Project Title: iPSC derived melanocytes as in vitro melanoma models
PhD Award Expected: Summer/Autumn 2020
Hi everyone! I am Marina Juraleviciute and I was born and raised in a wonderful city of Vilnius. My interest in natural sciences arose in the high school and after finishing it I entered bachelor studies of Modern Technologies Physics at Vilnius University. As my enthusiasm only grew I finished my master’s in Biophysics at the same alma mater. During the study years I participated in Erasmus student exchange program and went for one semester to study to Ljubljana (Slovenia). I took the chance and participated at Erasmus+ graduate programme. It was a six months placement at The Norwegian Radium Hospital, Institute for Cancer Research. Those were an extremely beneficial and inspiring experiences. Quite recently I became a part of MELGEN network which I am very excited about.
Science is fun and interesting, but there are other things that I enjoy as well. Whenever it is possible I travel and explore new destinations. I am passionate about the photography so these two activities often complement each other. I like reading, there is no particular literature genre I prefer, but I’m hung up on Haruki Murakami’s novels now.
Melanoma is the most aggressive form of skin cancer that arises from dark pigmented cells called melanocytes. Mutation of the BRAF gene is the most common mutation detected in as many as 50% melanomas. Up to 10% of melanoma cases are of familial origin (arise in melanoma-prone families) where alterations in CDKN2A and CDK4 genes account for about 25% of melanomas occurring in such families. However, current knowledge only allows us to explain less than 30% of the genetic susceptibility in melanoma-prone families, which suggests that other genetic and environmental factors might be contributing to the remaining risk. Recent studies have identified new melanoma susceptibility genes by comparing genetic mutations between healthy individuals and melanoma patients. Molecular mechanisms by which these genes alone or together with others influence melanoma susceptibility are still poorly understood. Therefore, my project aimed to investigate how these newly identified susceptibility genes and environmental factors (e.g., UV) are involved in melanoma initiation.
To implement the project, we applied a novel model based on innovative and powerful cell reprogramming technology. Melanoma patients carrying genetic mutations predisposing them to melanoma donated skin biopsies, from which we extracted fibroblasts. We reprogrammed these into stem cells (induced pluripotent stem cells – iPSC) and subsequently differentiated these into melanocytes. Since iPSC can be cultivated for an infinite time, this approach allows us to obtain an unlimited supply of melanocytes predisposed to melanoma for further extensive studies (Figure 1).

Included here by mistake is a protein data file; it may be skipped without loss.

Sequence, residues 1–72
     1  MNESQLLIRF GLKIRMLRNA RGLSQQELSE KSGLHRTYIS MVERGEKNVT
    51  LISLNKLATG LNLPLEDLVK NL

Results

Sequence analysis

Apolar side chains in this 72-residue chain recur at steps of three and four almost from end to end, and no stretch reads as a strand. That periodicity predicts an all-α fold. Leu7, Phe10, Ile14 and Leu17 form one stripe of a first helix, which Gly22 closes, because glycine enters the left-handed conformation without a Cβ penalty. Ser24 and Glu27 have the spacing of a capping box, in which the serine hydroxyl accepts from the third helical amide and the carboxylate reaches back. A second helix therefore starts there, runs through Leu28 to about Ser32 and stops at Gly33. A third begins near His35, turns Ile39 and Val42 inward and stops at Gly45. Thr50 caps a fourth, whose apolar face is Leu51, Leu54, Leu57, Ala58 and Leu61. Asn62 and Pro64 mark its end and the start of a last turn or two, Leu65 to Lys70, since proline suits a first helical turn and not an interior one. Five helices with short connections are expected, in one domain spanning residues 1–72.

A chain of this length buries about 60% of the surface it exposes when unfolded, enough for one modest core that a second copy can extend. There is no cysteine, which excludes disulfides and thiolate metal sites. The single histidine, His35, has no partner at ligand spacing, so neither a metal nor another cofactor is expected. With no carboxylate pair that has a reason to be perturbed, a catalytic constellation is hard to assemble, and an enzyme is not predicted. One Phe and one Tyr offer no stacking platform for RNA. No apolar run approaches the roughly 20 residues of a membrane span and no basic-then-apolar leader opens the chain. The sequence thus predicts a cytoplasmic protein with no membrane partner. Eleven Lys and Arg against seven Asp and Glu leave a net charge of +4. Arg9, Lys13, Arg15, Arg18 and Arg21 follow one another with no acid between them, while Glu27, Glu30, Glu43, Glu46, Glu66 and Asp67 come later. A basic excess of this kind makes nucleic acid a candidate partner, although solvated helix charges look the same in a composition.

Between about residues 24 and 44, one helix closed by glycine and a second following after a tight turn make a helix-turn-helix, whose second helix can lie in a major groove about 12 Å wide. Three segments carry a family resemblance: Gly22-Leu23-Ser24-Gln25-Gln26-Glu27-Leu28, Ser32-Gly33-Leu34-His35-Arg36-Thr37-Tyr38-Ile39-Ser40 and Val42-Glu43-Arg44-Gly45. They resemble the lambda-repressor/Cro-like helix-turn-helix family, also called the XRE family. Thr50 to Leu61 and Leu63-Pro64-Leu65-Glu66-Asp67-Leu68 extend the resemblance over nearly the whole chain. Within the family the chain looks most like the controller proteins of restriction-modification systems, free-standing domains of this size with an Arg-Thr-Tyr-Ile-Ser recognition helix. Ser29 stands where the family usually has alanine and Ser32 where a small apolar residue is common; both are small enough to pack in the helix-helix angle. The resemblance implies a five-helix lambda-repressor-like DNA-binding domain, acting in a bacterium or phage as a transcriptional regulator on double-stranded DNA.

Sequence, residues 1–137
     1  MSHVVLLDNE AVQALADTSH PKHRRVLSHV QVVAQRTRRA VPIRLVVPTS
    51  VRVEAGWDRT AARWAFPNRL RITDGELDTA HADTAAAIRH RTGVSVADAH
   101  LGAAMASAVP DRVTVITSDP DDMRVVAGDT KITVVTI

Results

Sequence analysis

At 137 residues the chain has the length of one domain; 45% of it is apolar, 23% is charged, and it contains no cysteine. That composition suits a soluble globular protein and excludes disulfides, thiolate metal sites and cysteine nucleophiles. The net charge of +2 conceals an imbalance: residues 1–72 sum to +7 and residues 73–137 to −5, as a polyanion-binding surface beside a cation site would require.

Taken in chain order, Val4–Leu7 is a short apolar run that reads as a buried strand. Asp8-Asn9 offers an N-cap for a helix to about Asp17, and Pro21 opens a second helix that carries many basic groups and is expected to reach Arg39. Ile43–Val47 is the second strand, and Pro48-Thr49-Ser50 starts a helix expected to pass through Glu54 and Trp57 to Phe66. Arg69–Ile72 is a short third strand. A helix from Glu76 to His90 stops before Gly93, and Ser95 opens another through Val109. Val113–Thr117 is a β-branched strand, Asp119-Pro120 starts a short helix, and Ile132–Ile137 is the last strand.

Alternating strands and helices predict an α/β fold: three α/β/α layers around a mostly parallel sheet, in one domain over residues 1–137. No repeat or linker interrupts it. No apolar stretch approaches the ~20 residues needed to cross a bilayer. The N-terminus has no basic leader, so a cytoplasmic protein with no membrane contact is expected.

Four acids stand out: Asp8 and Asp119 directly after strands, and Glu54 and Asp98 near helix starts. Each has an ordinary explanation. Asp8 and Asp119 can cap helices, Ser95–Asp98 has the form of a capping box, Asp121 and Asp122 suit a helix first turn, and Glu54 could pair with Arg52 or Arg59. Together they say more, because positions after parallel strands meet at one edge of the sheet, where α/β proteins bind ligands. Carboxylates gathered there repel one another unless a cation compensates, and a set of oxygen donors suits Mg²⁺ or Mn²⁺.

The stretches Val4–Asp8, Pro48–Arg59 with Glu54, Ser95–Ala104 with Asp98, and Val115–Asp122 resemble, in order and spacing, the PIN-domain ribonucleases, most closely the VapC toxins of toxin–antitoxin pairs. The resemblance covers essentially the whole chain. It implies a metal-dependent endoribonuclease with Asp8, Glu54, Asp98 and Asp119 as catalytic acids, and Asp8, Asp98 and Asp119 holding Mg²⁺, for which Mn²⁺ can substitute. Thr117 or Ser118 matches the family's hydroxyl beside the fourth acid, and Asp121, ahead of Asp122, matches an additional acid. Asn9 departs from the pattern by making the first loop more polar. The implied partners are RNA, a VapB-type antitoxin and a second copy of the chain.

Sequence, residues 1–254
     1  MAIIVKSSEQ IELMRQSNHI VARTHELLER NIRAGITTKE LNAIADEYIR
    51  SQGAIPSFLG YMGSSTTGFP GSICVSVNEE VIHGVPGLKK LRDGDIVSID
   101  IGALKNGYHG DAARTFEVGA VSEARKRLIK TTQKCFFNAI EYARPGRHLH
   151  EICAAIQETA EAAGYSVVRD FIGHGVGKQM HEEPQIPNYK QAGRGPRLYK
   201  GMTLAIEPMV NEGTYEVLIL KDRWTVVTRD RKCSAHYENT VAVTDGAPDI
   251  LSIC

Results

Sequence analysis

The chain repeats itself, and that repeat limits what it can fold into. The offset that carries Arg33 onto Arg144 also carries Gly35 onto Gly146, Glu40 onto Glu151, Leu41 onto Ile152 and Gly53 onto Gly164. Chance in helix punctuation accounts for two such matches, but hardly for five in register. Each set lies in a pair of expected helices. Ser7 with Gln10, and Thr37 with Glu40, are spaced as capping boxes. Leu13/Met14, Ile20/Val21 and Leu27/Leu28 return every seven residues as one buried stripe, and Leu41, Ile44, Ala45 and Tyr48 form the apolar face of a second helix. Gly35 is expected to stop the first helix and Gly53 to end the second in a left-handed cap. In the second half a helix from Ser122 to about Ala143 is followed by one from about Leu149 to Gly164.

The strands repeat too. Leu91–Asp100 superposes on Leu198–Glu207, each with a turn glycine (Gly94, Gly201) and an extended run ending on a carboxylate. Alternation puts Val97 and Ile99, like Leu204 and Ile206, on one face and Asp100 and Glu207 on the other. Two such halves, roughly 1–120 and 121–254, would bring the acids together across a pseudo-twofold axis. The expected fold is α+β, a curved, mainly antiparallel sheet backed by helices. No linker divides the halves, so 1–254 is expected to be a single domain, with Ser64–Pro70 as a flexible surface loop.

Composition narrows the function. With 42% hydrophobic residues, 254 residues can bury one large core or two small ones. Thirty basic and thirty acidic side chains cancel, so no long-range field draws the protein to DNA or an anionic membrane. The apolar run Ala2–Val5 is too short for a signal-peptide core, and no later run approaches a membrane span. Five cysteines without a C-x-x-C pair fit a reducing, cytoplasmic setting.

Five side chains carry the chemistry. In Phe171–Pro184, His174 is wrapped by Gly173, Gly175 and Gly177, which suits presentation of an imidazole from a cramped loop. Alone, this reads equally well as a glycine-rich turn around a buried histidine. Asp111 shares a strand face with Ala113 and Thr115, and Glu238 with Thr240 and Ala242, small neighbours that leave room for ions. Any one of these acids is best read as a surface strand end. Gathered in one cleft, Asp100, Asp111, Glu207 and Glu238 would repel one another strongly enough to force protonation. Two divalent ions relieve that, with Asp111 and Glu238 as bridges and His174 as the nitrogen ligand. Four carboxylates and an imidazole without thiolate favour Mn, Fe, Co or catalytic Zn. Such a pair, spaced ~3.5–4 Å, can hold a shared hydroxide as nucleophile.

First, we investigated and confirmed that iPSC-derived melanocytes in laboratory settings retain patients’ traits. A cohort of melanocytes was exposed to ultraviolet radiation, a known environmental risk factor for melanoma, and sensitivity was evaluated. We observed a good correlation between melanocyte sensitivity to UV and patients’ pigment factors. Pigmentation factors were calculated by evaluating and scoring a number of self-reported parameters: skin reaction to intense sun exposure, usual skin reaction to sunlight, hair and eye color, the total number of nevi on the body, skin type. Into account was also taken the status of the MC1R gene, which regulates pigmentation pathway. Mutations in this gene are associated with red hair and fair skin and increase UV sensitivity. Furthermore, by investigating UV sensitive and resistant melanocytes, we observed apparent differences in accumulation and repair of UV caused DNA damage. We demonstrated that this model is a novel tool to investigate melanoma initiation as it is more accurate than existing models since it takes into account individual variability in genes.
Next, we focused on one specific risk gene, namely MX2. Previous studies have reported that it is associated with reduced risk to develop melanoma; however, its function in tumorigenesis was utterly unclear. We discovered that the presence of MX2 protein in primary melanoma tumors is associated with better patient survival and that it is often absent in metastatic tumors. To determine the function of the MX2 gene (Figure 2), we engineered melanoma cell lines that contained a high level of MX2 protein and compared their behavior to the corresponding cell lines that had low levels of MX2 protein. Interestingly, cells with a high amount of MX2 protein proliferated much slower than control cells. We injected these melanoma cells into mice to investigate if the MX2 gene is associated with tumor formation. Fifty days after injection, mice that received cells with a low amount of MX2 protein had much bigger tumors compared to the ones that were injected with cells containing high levels of MX2 protein. In this study, we were the first to provide evidence of the MX2 gene function in melanoma by demonstrating that the MX2 gene slows down the growth of cancer cells and has tumor-suppressive properties. These studies improve our understanding of how particular genes and mutations contribute to or prevent melanoma development and might aid in discovering novel therapeutic approaches.
Juraleviciute M, Pozniak J, Nsengimana J, Harland M, Randerson-Moor J, Wernhoff P, Bassarova A, Øy G.F, Trøen G, Flørenes VA, Bishop DT, Herlyn M, Newton-Bishop J, Slipicevic A. MX 2 is a novel regulator of cell cycle in melanoma cells. Pigment Cell Melanoma Res. 2019; 00: 1– 12. Available at: https://onlinelibrary.wiley.com/doi/full/10.1111/pcmr.12837